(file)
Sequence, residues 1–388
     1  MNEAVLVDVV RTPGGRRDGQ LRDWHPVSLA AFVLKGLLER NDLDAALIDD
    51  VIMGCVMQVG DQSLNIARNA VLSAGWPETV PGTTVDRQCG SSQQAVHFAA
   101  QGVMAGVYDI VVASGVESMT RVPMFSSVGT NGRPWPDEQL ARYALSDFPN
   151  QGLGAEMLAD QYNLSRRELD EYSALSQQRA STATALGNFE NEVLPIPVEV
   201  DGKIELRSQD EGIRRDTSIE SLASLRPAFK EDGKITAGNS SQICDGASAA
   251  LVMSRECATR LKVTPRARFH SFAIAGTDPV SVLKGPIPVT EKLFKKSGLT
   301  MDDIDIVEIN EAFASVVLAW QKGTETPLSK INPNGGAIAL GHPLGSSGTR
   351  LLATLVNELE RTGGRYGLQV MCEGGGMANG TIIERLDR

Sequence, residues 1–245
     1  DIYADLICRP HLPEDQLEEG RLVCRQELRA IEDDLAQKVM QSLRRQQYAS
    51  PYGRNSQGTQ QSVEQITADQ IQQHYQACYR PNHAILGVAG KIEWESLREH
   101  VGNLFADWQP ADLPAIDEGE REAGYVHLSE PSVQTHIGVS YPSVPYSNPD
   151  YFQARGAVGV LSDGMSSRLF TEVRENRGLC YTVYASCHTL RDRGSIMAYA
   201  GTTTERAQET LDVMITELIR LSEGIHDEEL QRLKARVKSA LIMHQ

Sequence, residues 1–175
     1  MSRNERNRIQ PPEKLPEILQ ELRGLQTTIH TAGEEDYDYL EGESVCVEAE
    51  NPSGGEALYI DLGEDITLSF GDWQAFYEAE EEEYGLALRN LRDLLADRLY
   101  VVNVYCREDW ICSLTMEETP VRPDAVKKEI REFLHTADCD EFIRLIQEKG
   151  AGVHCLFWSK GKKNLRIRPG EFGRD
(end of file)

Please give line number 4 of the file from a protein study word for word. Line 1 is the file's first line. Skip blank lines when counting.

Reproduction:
   101  QGVMAGVYDI VVASGVESMT RVPMFSSVGT NGRPWPDEQL ARYALSDFPN